However, Obama’s comment that his Republican opponent will try to scare people because Obama does not look like all the other presidents on dollar bills was seen as racist by 53%. Thirty-eight percent (38%) disagree.

To recap: Zero journalists interpreted Sen. Obama’s remarks as racist. Fifty-three percent of the general public did.

MSNBC, CNN Say Britney Ad Racist, but American People Do Not

Exactly how wide is the gulf between elite media opinion and public opinion on matters of politics?

Let’s put it this way, after Sen. Barack Obama falsely accused Sen. John McCain of saying he (Obama) doesn’t look like the other presidents on the currency and has a funny name, Andrea Mitchell on MSNBC, called Obama’s "Dollar Bill" statement "self-deprecating":

ANDREA MITCHELL: I have to tell you that the people who heard Barack Obama say what he said Wednesday night—and it’s very similar to things he’s said in Paris and Berlin and a lot of other stops—it’s very self-deprecating. He says "I don’t look like other people who have been President of the United States," most people who watched that, I don’t know very many people who’ve watched that, and the people in the audience, the reporters, have never interpreted it, have never inferred from that, that he is making some kind of racial statement, but that’s the way the McCain camp says that they took it, and Rick Davis by putting it out there, sure –

Sen. Obama, echoing Mitchell’s talking points, himself made the same observation during his Saturday morning press conference:

SEN. BARACK OBAMA: Most of the people here were at this event in Union, Missouri. Almost none of you, maybe none of you, thought that I was making a racially incendiary remark for playing the race card. …

So we’re clear: According to Andrea Mitchell and Sen. Obama himself, no one in the journalist class heard Sen. Obama’s remarks about his looks and name to be a reference to his race.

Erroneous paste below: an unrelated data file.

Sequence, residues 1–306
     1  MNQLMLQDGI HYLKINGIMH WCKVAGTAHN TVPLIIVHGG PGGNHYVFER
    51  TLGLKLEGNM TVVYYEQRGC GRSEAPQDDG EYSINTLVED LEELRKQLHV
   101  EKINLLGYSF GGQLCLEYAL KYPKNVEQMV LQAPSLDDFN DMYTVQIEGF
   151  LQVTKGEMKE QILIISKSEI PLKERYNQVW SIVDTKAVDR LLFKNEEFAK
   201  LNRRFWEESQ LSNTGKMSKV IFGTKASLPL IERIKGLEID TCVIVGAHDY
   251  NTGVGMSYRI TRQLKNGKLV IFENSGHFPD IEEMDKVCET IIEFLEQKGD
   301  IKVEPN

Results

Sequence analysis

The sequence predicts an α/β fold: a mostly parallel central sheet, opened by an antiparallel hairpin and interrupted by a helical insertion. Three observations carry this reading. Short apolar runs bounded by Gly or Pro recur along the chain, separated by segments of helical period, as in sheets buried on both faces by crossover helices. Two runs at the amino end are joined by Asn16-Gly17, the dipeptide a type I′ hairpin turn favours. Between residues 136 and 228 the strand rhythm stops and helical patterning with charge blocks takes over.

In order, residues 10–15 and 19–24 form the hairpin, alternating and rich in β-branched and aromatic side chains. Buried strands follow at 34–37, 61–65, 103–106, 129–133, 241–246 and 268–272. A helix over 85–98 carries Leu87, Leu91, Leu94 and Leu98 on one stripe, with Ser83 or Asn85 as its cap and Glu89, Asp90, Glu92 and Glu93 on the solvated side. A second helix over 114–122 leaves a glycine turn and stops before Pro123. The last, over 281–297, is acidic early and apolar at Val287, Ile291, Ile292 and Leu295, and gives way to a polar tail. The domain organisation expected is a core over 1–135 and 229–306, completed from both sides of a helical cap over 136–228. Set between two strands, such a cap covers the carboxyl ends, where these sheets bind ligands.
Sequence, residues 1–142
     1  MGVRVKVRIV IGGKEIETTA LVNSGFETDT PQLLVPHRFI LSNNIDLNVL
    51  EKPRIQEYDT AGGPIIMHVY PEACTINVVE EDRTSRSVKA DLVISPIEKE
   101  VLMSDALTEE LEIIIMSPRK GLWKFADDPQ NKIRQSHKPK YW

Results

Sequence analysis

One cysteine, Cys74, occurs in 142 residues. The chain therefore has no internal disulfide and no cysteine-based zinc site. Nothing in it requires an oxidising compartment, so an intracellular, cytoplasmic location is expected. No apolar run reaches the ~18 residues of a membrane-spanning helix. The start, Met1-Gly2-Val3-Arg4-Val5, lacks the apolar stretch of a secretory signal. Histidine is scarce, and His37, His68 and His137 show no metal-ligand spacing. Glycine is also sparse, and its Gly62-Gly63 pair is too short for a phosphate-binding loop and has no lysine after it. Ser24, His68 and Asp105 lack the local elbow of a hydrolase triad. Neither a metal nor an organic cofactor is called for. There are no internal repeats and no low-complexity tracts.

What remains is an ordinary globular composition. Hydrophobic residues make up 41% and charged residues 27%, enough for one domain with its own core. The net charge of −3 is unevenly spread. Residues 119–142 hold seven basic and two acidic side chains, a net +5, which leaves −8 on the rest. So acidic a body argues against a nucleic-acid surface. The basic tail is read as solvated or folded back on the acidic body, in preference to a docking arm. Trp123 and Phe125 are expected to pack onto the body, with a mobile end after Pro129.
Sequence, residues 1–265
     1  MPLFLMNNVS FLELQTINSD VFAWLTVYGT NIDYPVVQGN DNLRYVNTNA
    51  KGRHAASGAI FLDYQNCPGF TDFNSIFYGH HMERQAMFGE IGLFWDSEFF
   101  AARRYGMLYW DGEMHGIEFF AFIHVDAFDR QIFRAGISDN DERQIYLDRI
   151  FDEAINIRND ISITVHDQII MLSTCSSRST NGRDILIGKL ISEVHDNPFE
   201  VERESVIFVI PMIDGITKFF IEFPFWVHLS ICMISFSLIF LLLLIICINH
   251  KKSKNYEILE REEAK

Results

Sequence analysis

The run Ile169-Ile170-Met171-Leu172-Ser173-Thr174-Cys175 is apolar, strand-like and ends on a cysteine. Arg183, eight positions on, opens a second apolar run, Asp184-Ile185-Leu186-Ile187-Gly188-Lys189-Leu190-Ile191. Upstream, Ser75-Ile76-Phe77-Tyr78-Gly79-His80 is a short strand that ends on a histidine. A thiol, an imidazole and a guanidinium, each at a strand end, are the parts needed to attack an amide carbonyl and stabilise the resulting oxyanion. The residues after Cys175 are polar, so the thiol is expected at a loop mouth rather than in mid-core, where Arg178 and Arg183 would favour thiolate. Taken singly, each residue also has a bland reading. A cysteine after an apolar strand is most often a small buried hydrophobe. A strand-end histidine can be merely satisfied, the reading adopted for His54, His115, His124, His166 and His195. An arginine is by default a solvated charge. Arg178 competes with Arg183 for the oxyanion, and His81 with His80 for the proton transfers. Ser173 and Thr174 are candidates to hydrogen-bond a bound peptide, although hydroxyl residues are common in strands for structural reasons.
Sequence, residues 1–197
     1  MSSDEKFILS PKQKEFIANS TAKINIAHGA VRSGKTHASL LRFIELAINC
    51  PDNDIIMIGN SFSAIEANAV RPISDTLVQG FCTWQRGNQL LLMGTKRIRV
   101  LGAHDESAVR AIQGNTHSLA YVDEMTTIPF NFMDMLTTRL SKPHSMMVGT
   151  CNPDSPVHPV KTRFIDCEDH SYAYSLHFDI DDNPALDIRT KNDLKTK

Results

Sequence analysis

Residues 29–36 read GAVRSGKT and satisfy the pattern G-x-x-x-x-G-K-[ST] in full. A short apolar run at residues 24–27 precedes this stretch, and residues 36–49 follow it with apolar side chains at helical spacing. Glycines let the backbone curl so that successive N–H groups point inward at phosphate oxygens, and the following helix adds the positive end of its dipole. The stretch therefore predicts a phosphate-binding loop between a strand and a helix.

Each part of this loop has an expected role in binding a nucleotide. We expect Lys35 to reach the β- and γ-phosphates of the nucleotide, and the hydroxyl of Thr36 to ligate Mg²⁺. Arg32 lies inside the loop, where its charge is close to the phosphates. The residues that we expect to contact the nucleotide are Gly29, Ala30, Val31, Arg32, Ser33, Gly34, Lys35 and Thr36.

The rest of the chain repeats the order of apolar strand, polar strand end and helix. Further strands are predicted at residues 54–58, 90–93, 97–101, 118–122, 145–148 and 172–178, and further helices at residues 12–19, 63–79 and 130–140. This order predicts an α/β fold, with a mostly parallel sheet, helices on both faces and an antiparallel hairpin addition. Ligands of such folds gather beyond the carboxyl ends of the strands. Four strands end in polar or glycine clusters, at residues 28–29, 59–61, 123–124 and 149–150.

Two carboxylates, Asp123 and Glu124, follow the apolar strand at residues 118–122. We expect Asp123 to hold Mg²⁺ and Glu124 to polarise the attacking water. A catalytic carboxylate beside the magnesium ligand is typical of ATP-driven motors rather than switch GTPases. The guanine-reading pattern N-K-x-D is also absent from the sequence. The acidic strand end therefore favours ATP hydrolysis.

There can be no doubt that this lopsided view within elite media has colored the coverage. Here’s how CNN’s Wolf Blitzer kicked off a panel discussion last Thursday:

WOLF BLITZER: It doesn’t get more poisonous or explosive than to inject this whole issue of race, especially when you have obviously the first African-American on a major ticket. So what’s the strategy behind the McCain campaign right now?

Meanwhile, on a Sunday morning panel, Blitzer gave credence to the idea that the McCain campaign’s Britney-Paris-Obama ad was racial in tone:

WOLF BLITZER: All right. Images are very important, and there’s been several comments in recent days, our own Donna Brazill made the suggestion here in "The Situation Room" the other day and Bob Herbert a columnist for "New York Times" wrote this, referring to this ad. Referring to the blonde and the Harold Jr. ad when he was running for senator in Tennessee. That’s a very serious charge that’s been leveled against the McCain campaign right now saying that what the McCain campaign did this week was similar to what Republicans did against Harold Ford Jr. in Tennessee when he was running for the senate …

According to the media consensus, then, Sen. Obama was not playing the race card when he wrongly accused Sen. McCain of commenting on his looks but Sen. McCain’s campaign was playing the race card when he compared Barack Obama to mindless celebrities.

This morning pollster Scott Rasmussen provides for us a snapshot of regular peoples’ views on the controversy. And it isn’t at all in line with the elite media’s view. According to Rasmussen:

Sixty-nine percent (69%) of the nation’s voters say they’ve seen news coverage of the McCain campaign commercial that includes images of Britney Spears and Paris Hilton and suggests that Barack Obama is a celebrity just like them. Of those, just 22% say the ad was racist while 63% say it was not.

However, Obama’s comment that his Republican opponent will try to scare people because Obama does not look like all the other presidents on dollar bills was seen as racist by 53%. Thirty-eight percent (38%) disagree.